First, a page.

Politician-Friendly

Miller's impressive socializing has another motive: to get close to the people he needs for his business deals.

On March 5, Miller and his wife, Patrice, hosted a 70th birthday party for Ward 8 council member and former mayor Marion Barry (D), a $1,000-per-head event that raised money for a scholarship fund.

To say Miller is tight with city officials is an understatement. Council member Jack Evans's back yard touches Miller's, and Evans's dog has roaming privileges. Miller phoned Barry on the dais Feb. 7 and helped persuade Barry to change his vote and support the stadium project so the council could finally approve a lease agreement.

"I wouldn't put anything past Herb Miller," said council member Vincent B. Orange Sr. (D-Ward 5), who is running for mayor and held a birthday fundraiser at Miller's home this spring. "I think what Herb does is sell the success of his portfolio."

Miller also gives money. This year, he, his wife, his company and his son Ben have donated $15,000 to D.C. political campaigns. The gifts include $6,000 to council Chairman Linda W. Cropp (D), who is running for mayor, and $2,500 to Cropp's chief competitor, council member Adrian M. Fenty (D-Ward 4).

"He's his own economic development machine," said Mitchell N. Schear, president of Charles E. Smith Commercial Realty.

City politicians are so friendly with Miller that competitors have been crying favoritism since Barry, then mayor, awarded him the hotly contested Washington Harbor project. Miller is hardly apologetic.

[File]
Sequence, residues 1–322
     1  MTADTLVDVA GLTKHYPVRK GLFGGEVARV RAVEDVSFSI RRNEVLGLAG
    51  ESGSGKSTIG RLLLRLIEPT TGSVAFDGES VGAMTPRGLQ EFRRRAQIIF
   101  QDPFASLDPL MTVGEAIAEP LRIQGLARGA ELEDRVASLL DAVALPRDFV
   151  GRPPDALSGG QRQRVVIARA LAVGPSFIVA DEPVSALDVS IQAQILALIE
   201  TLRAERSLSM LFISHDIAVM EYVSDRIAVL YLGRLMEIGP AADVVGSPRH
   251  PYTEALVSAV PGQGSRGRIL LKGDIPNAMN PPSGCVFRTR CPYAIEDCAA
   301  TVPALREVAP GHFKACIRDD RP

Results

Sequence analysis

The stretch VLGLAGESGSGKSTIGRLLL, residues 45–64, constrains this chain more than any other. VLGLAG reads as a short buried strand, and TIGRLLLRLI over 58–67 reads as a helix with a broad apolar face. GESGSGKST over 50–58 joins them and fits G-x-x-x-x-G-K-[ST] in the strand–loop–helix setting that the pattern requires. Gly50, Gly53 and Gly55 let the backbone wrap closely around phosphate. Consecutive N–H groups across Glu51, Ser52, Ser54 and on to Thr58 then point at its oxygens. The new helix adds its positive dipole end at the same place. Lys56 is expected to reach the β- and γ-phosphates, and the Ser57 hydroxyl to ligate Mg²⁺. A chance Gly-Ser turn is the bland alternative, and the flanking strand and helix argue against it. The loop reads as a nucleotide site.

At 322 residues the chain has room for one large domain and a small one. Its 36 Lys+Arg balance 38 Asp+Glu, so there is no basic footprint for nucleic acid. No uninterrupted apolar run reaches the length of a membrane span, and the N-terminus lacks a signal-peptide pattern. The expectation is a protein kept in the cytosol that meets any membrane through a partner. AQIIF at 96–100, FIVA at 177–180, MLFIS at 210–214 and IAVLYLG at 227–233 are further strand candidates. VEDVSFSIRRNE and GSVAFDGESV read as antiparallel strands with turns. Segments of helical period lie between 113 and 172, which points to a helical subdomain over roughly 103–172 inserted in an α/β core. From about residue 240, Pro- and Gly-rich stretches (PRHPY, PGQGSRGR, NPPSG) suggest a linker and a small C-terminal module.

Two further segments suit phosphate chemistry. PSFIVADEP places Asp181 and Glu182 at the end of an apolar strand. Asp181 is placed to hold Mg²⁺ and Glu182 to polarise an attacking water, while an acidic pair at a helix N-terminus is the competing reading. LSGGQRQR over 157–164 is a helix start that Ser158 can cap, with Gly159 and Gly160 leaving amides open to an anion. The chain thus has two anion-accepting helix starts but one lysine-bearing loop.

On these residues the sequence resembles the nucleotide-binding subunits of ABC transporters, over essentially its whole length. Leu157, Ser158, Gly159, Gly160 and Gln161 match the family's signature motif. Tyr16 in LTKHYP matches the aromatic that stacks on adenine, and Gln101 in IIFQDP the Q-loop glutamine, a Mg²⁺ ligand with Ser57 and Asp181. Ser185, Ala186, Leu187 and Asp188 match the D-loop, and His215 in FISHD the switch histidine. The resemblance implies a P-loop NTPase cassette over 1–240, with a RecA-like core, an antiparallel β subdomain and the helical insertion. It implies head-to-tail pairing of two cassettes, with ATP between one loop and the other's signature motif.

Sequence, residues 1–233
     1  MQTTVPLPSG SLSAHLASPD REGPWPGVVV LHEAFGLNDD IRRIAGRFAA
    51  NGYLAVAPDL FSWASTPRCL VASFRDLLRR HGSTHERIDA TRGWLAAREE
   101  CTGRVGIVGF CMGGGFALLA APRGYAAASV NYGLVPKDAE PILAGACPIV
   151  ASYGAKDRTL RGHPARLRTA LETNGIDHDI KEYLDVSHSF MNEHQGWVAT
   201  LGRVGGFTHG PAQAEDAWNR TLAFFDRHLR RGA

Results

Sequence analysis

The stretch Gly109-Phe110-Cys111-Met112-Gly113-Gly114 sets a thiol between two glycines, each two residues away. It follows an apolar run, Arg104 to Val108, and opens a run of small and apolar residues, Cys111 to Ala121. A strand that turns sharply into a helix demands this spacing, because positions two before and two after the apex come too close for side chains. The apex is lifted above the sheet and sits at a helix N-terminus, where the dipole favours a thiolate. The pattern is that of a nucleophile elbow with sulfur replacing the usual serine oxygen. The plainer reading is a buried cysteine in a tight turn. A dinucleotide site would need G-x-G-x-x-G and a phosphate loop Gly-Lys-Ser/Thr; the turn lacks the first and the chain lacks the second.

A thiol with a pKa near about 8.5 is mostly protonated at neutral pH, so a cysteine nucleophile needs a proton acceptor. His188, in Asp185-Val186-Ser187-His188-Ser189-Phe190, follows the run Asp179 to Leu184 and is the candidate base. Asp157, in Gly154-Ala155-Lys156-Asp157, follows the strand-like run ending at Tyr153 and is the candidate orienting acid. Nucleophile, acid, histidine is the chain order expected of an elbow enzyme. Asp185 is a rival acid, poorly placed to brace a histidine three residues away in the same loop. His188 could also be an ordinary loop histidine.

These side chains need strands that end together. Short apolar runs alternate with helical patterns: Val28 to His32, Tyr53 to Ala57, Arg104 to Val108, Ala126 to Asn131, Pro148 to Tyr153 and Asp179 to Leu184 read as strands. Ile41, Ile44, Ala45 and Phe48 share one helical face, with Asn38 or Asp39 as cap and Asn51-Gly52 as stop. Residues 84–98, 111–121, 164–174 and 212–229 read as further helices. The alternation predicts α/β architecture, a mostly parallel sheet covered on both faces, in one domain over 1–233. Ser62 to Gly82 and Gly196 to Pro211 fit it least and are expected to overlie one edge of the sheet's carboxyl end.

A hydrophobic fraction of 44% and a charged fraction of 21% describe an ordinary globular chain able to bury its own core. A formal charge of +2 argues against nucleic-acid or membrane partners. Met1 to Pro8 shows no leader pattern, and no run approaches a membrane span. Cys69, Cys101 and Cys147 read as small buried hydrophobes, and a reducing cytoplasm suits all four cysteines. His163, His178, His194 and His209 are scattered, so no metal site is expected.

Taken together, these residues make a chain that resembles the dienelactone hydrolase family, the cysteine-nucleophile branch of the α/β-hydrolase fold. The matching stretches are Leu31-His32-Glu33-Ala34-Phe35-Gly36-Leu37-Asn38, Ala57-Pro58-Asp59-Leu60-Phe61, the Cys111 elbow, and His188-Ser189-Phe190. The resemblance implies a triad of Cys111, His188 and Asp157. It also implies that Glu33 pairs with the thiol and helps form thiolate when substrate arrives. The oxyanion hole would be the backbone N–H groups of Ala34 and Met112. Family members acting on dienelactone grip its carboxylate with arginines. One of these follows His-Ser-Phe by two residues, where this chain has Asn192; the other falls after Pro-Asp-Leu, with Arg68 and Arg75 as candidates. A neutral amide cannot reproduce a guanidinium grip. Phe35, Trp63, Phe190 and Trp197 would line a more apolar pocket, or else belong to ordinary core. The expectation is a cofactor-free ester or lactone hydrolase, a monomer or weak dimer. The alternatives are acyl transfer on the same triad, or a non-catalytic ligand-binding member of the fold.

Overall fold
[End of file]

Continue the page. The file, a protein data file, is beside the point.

Before Major League Baseball returned to Washington, Miller was in the thick of the mayor's push for a franchise. In 2004, Miller was hawking his plan to build underground parking and aboveground development at Banneker Overlook, at the foot of L'Enfant Promenade.

When Williams landed the Montreal Expos and announced that a stadium would be built near South Capitol Street and the Navy Yard along the Anacostia River, Miller was touting a massive development plan that included parking a Navy destroyer in the Anacostia to house a museum. The poster board with the plan dated Jan. 19, 2005, still hangs on the door in Evans's council office.

When the mayor's staff sat across from the Lerner group two months ago to begin negotiations, it was Miller, more than anyone else, who offered the strategic plans to match the mayor's vision.

Miller was not present at most of the meetings, but city officials used his designs as the basis for their insistence that integrated development could work and to rebuff the Lerners' demand for free-standing parking garages.

Drinking coffee from a "Gallery Place: The Groundbreaking" mug, Miller tried to play down the tension between him and the Lerner group. "It's not about me and the Lerners," he said. "They're good people."

Then Miller got back to self-promotion. Having recently put his home on the market for $28 million -- believed to be the highest listing in D.C. history for a private residence -- Miller vowed to buy a condo in the buildings he hopes to erect near the new ballpark.

"Mark Lerner lives in my building on the Washington Harbor," Miller said of Theodore Lerner's son. "I'm going to live in the building at their stadium."

Staff writer Dana Hedgpeth contributed to this report.

© 2006 The Washington Post Company